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Can autologous thrombin with a rest fraction of ethanol be used safely for activation of concentrated autologous platelets applied on nerves?

(2006) EUROPEAN SPINE JOURNAL. 15(4). p.501-505
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Abstract
The use of concentrated platelet-rich plasma (cPRP) as a source of growth factors is reported to be beneficial for an enhanced osteogenesis in spine surgery. Today both bovine and autologous thrombin is used for activating the platelets and thus releasing the growth factors. In order to prevent transmission of organisms and the development of antibodies, autologous thrombin seems to be the logical choice. However, the preparation of autologous thrombin is cumbersome and consumes a part of the cPRP. In order to overcome this problem, a commercial autologous thrombin kit (activAT, Dideco, a Sorin Group company, Italy) has been developed which produces autologous thrombin out of platelet-poor plasma. A possible disadvantage of this kit could be the rest fraction of 1.18% of ethanol in the platelet gel. In a pig model, the influence of different ethanol concentrations on the ischiadic nerve was studied. The study consisted out of four groups; a control group (n=6), a group with platelet gel 0% ethanol (n=6), a group with platelet gel 1.18% ethanol (n=6) and a group with platelet gel 3.8% ethanol (n=7). In all the groups, the ischiadic nerve was dissected and the myelin sheet opened after which the wound was closed (control group) or one of the three therapies was applied. After 12 h, the animal was sacrificed and the ischiadic nerve was submitted for histological examination. Myelin sheaths appeared normal in all cases. No axonal swelling was observed. No statistically significant differences were observed for neutrophilic and eosinophilic infiltration nor for collagen necrosis between groups. Platelet gel prepared by the use of a commercial autologous thrombin kit and containing 1.18% of ethanol can be safely used on nerves.
Keywords
autologous thrombin, platelet gel, ethanol, nerves, spine, SCIATIC-NERVE, ETHYL-ALCOHOL, RICH PLASMA, QUANTIFICATION, MOUSE

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Chicago
De Somer, Filip, Veerle De Brauwer, MAXENCE VANDEKERCKHOVE, Richard Ducatelle, Dirk Uyttendaele, and Guido Van Nooten. 2006. “Can Autologous Thrombin with a Rest Fraction of Ethanol Be Used Safely for Activation of Concentrated Autologous Platelets Applied on Nerves?” European Spine Journal 15 (4): 501–505.
APA
De Somer, F., De Brauwer, V., VANDEKERCKHOVE, M., Ducatelle, R., Uyttendaele, D., & Van Nooten, G. (2006). Can autologous thrombin with a rest fraction of ethanol be used safely for activation of concentrated autologous platelets applied on nerves? EUROPEAN SPINE JOURNAL, 15(4), 501–505.
Vancouver
1.
De Somer F, De Brauwer V, VANDEKERCKHOVE M, Ducatelle R, Uyttendaele D, Van Nooten G. Can autologous thrombin with a rest fraction of ethanol be used safely for activation of concentrated autologous platelets applied on nerves? EUROPEAN SPINE JOURNAL. 2006;15(4):501–5.
MLA
De Somer, Filip, Veerle De Brauwer, MAXENCE VANDEKERCKHOVE, et al. “Can Autologous Thrombin with a Rest Fraction of Ethanol Be Used Safely for Activation of Concentrated Autologous Platelets Applied on Nerves?” EUROPEAN SPINE JOURNAL 15.4 (2006): 501–505. Print.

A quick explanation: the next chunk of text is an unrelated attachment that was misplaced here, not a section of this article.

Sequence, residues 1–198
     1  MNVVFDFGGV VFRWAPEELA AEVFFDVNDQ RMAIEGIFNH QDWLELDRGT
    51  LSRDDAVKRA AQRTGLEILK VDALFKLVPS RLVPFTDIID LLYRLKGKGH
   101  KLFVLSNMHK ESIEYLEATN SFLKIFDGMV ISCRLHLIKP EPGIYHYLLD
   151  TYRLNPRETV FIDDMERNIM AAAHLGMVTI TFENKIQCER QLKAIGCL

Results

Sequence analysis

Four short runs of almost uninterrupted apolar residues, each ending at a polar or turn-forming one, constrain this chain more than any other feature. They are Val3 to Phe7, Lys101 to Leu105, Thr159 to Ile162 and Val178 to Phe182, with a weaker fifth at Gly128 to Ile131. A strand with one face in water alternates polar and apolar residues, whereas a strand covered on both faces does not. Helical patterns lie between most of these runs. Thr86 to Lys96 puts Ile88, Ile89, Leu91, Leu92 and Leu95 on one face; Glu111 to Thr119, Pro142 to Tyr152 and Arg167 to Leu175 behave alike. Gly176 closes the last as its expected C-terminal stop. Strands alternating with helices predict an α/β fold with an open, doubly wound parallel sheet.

@article{353777,
  abstract     = {The use of concentrated platelet-rich plasma (cPRP) as a source of growth factors is reported to be beneficial for an enhanced osteogenesis in spine surgery. Today both bovine and autologous thrombin is used for activating the platelets and thus releasing the growth factors. In order to prevent transmission of organisms and the development of antibodies, autologous thrombin seems to be the logical choice. However, the preparation of autologous thrombin is cumbersome and consumes a part of the cPRP. In order to overcome this problem, a commercial autologous thrombin kit (activAT, Dideco, a Sorin Group company, Italy) has been developed which produces autologous thrombin out of platelet-poor plasma. A possible disadvantage of this kit could be the rest fraction of 1.18% of ethanol in the platelet gel. In a pig model, the influence of different ethanol concentrations on the ischiadic nerve was studied. The study consisted out of four groups; a control group (n=6), a group with platelet gel 0% ethanol (n=6), a group with platelet gel 1.18% ethanol (n=6) and a group with platelet gel 3.8% ethanol (n=7). In all the groups, the ischiadic nerve was dissected and the myelin sheet opened after which the wound was closed (control group) or one of the three therapies was applied. After 12 h, the animal was sacrificed and the ischiadic nerve was submitted for histological examination. Myelin sheaths appeared normal in all cases. No axonal swelling was observed. No statistically significant differences were observed for neutrophilic and eosinophilic infiltration nor for collagen necrosis between groups. Platelet gel prepared by the use of a commercial autologous thrombin kit and containing 1.18% of ethanol can be safely used on nerves.},
  author       = {De Somer, Filip and De Brauwer, Veerle and VANDEKERCKHOVE, MAXENCE and Ducatelle, Richard and Uyttendaele, Dirk and Van Nooten, Guido},
  issn         = {0940-6719},
  journal      = {EUROPEAN SPINE JOURNAL},
  keywords     = {autologous thrombin,platelet gel,ethanol,nerves,spine,SCIATIC-NERVE,ETHYL-ALCOHOL,RICH PLASMA,QUANTIFICATION,MOUSE},
  language     = {eng},
  number       = {4},
  pages        = {501--505},
  title        = {Can autologous thrombin with a rest fraction of ethanol be used safely for activation of concentrated autologous platelets applied on nerves?},
  url          = {http://dx.doi.org/10.1007/s00586-005-0962-y},
  volume       = {15},
  year         = {2006},
}

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